Instrumental Rationality, Economics and "Playing it Safe": An Ethical Analysis of the Precautionary Principle
Critics of the precautionary principle argue that it will bring innovation and cost-effective, sustainable solutions to satisfying ever-increasing human needs to a standstill. Proponents of the principle argue that in circumstances of scientific uncertainty, it will force authorities to act with the intention of preventing harm before it occurs. This paper shows that neither of these interpretations is correct. Where states and have been pressured to incorporate it into their decision-making procedures, the principle is is typically framed in risk analysis discourse, which requires balancing prevention of harm with cost-effectiveness and considerations of economic gain, and considers precaution to be a matter of risk management. Risk analysis thus privileges discourses of instrumental rationality and economic gain equally with discourses of prevention of harm. Using a value analysis of regulation and legislation pertaining to genetic modification of plants in Canada and the EU, the paper concludes that in both jurisdictions the value commitments of the framers of the precautionary principle have failed to find their way into science-based decision-making for the protection of health and safety and of the environment.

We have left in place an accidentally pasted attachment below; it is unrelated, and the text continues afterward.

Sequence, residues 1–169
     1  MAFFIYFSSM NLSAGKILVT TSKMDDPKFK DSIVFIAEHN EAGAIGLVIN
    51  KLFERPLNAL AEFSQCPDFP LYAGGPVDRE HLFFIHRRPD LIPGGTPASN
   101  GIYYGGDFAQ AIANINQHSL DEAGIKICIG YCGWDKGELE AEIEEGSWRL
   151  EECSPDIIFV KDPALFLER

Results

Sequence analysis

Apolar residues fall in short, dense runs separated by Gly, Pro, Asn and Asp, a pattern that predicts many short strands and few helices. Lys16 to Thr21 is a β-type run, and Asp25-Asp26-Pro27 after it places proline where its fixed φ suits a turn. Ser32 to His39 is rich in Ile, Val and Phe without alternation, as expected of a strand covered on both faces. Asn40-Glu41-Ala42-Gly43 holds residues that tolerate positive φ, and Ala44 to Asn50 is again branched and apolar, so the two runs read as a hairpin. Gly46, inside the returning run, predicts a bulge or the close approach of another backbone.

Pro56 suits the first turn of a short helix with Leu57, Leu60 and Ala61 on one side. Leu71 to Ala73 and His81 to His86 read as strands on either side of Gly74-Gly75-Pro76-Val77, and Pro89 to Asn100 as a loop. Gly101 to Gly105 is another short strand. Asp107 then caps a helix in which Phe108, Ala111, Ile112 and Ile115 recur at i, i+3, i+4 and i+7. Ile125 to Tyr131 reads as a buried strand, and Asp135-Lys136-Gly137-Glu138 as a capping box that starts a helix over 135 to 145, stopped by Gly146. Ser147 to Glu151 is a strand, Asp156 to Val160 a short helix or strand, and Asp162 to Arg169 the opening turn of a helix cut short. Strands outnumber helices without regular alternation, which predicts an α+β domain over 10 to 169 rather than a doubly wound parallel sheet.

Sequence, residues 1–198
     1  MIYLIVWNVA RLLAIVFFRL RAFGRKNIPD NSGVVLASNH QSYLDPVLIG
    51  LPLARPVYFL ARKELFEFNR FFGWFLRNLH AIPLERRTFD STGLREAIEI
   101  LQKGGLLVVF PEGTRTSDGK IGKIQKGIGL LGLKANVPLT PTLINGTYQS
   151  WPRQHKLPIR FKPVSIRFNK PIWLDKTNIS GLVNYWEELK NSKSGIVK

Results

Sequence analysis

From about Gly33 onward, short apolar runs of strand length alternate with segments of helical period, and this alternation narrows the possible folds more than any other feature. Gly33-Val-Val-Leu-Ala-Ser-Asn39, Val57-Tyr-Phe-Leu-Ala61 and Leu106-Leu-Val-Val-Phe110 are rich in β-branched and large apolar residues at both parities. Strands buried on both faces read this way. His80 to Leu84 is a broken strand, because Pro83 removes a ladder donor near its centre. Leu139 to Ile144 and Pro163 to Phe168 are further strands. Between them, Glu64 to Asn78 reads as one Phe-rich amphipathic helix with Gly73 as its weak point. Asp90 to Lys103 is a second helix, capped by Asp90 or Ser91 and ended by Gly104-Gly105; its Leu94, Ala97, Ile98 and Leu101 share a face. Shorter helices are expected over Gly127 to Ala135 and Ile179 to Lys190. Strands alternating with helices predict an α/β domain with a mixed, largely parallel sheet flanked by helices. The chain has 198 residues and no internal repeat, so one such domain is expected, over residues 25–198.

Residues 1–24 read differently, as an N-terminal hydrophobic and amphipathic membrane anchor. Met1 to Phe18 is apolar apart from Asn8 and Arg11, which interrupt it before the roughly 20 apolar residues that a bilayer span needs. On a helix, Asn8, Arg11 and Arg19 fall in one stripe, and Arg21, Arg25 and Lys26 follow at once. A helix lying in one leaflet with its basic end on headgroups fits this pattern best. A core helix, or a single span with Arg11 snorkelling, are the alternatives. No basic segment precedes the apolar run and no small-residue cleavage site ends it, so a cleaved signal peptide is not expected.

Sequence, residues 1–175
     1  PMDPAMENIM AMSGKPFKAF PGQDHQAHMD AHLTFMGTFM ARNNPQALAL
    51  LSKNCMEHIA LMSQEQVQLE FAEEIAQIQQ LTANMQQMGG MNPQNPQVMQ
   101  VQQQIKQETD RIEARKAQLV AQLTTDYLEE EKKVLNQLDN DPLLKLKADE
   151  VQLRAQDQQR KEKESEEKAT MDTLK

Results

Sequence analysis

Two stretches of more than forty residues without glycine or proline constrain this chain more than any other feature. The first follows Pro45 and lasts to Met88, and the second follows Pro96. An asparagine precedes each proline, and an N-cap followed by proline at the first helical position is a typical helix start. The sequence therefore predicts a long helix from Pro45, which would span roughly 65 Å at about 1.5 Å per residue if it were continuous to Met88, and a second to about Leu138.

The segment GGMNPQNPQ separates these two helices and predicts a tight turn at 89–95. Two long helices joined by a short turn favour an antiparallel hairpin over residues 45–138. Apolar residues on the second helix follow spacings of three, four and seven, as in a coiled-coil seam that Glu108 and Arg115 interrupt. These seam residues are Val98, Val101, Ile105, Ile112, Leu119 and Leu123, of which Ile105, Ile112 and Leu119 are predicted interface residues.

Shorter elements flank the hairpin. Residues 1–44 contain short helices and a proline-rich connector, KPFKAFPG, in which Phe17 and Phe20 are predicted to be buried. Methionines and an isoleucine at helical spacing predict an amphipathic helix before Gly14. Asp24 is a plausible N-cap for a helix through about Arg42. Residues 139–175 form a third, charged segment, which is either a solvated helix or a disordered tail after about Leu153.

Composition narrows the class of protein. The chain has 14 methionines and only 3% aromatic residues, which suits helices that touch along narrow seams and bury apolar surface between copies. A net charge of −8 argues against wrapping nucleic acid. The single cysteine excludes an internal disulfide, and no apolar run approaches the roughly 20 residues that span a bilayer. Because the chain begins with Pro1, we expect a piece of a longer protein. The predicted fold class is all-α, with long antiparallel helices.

Mary Richardson (Canada)
(30 min. Conference Paper, English)